Tuesday, February 2, 2016

He is woman - and the audience roared

"I knew it was him. But I didn't see him."

The "him" veteran actress Henrietta Hermelin was referring to was Joe Bailey, whose performance we were discussing last night after the closing performance of "I'll Eat You Last: A Chat With Sue Mengers" at the The Ringwald Theatre. And the major compliment she gave him was 100-percent correct.

Joe, you see - billed only as J. Bailey in the program to further the illusion - played Sue Mengers, Hollywood's most powerful agent during the late 1960s through the early '80s. The well-researched script by John Logan takes place in 1981 at a pivotal point in the downswing of her career, on the night she is expecting a call from her number one client, Barbra Streisand. Streisand, you see, has just left Sue for another agency, and the super-agent, a longtime friend, wants to know why.

And so the show opens with the caftan-clad Sue parked on her couch, conversing with friends (the audience) while anticipating a call she does and does not want to receive. There she remains for the next 80 minutes or so, regaling us with juicy tidbits of her long and successful career - with us hanging on to each and every delicious morsel she tosses our way.

The concept of Joe wearing a dress is nothing new, of course; many of The Ringwald's most popular shows over the past eight years have featured him thusly clad. But here's what's different: Previous appearances in feminine attire have been in spoofs and satires, or in gender-bending productions in which the winks and nods between actor and audience acknowledge we're all in on the joke.

But that's not the case with "I'll Eat You Last." Logan's one-woman script is just that: a script written for a woman to portray its protagonist. (Its original run on Broadway featured Bette Midler as Sue.) And so with director Jamie Richards guiding from behind the scenes, Joe's goal was to develop a fully realized and realistic woman, thereby creating a believable character that would do justice to both the role and the person upon whom it is based.

To say he achieved his goal would be a major understatement.

As someone who has followed Joe's career since we first met at an interview more than a dozen years ago, it's safe for me to say that Joe sits among the "A-List" of actors whose work appears on area stages, having earned 13 Wilde Awards nominations since 2007. (He's tied for fourth place in total nominations received over the course of the awards' history.)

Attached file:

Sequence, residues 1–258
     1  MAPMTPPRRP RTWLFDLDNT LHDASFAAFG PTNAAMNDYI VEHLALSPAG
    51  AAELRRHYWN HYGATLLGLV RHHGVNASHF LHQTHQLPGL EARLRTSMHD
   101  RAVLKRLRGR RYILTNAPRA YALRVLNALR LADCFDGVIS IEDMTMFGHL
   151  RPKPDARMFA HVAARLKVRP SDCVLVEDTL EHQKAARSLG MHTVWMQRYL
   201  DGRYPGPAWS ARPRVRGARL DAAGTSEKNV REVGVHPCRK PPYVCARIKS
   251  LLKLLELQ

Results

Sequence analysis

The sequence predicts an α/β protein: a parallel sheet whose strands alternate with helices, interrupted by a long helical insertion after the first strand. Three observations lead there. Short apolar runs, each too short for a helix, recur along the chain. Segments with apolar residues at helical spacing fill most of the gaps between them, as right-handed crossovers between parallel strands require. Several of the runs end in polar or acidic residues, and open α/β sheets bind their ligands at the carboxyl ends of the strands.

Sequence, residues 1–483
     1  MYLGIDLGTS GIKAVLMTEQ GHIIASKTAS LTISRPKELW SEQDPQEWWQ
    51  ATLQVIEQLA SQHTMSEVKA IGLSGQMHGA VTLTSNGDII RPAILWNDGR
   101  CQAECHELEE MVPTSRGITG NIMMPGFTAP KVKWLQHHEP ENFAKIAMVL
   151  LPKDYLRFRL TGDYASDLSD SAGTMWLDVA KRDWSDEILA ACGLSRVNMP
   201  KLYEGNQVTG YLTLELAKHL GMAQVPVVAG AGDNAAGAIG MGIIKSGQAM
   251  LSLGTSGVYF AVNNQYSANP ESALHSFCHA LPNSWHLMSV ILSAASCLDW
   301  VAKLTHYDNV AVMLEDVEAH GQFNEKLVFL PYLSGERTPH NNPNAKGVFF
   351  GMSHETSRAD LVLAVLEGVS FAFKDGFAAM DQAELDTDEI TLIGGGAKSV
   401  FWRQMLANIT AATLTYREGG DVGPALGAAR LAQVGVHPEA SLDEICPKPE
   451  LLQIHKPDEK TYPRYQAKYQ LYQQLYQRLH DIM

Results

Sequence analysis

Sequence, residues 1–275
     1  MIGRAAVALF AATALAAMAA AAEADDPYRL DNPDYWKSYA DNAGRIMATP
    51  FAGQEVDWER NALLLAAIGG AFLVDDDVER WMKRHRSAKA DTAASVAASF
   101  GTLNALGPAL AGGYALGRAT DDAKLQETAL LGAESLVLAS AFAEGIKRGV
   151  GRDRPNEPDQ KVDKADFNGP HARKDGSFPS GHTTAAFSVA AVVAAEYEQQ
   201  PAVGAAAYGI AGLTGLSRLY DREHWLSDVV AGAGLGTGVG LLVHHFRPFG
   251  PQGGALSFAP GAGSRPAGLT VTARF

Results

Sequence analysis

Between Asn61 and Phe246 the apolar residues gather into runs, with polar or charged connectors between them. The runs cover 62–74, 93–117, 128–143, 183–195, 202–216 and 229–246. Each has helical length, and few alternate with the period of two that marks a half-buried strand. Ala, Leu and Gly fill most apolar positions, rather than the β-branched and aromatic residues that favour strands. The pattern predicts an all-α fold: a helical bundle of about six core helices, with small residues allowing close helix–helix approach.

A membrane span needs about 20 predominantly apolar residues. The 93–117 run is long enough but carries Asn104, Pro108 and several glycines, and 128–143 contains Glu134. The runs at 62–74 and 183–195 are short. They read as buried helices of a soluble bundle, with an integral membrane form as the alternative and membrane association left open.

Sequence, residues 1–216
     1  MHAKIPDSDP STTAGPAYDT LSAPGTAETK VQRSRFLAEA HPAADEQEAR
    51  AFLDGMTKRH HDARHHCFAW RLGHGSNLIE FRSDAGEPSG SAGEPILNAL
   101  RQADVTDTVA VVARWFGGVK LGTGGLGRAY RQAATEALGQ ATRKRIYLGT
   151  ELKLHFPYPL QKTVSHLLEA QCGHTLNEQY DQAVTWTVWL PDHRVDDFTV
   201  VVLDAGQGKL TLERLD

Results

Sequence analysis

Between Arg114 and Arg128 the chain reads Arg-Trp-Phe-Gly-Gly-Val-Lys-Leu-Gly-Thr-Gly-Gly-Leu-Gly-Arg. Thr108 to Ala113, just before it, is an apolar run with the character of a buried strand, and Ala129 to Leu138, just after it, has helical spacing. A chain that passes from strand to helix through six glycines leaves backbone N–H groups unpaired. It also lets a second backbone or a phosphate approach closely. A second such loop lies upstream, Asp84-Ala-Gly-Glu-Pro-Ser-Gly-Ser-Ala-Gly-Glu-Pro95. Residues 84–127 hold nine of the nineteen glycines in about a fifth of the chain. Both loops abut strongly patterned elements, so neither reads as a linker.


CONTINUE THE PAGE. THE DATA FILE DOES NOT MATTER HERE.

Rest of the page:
But here's what made this performance stand out: If you didn't know J. Bailey was a man, you would have believed a woman lived underneath the wig and makeup. And since Sue's legendary size kept her mostly home bound later in life, Joe had to keep us totally engaged while never leaving the couch.

Which he did. (He had a similar Herculean task earlier this season in "The Whale," a co-production with the UDM Theatre Company, which I thought couldn't be topped - until now.)

From start to finish, Joe's superb storytelling skills and creative instincts kept us hanging on Sue's every word. Based on my research, he seems to have fully grasped her colorful, larger-than-life personality - which he brought to life with carefully executed gestures and facial expressions. Every movement, every line and every expression - no matter how small or seemingly insignificant - was thoughtfully planned, fitting the character like a tight glove. As a result, we felt Sue's every emotion  - and by show's end, we wished our visit would last longer. Much longer.

So, yes: Henrietta's comment was correct. We didn't see Joe in the role; we only saw Sue. And that's a testament to the excellent work of Joe Bailey.

The Bottom Line: Rumor has it that "I'll Eat You Last" might return for a short run sometime soon. Keep watching EncoreMichigan.com for details - and then catch it if you can for an amazing evening of live theater!

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